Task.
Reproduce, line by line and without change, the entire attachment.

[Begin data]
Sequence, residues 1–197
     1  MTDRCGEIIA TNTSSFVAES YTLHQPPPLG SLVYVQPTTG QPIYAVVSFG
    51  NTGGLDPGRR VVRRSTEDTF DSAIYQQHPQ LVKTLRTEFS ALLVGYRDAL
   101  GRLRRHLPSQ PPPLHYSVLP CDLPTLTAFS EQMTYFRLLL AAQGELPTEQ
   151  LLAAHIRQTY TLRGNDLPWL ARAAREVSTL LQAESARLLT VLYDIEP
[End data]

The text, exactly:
Sequence, residues 1–197
     1  MTDRCGEIIA TNTSSFVAES YTLHQPPPLG SLVYVQPTTG QPIYAVVSFG
    51  NTGGLDPGRR VVRRSTEDTF DSAIYQQHPQ LVKTLRTEFS ALLVGYRDAL
   101  GRLRRHLPSQ PPPLHYSVLP CDLPTLTAFS EQMTYFRLLL AAQGELPTEQ
   151  LLAAHIRQTY TLRGNDLPWL ARAAREVSTL LQAESARLLT VLYDIEP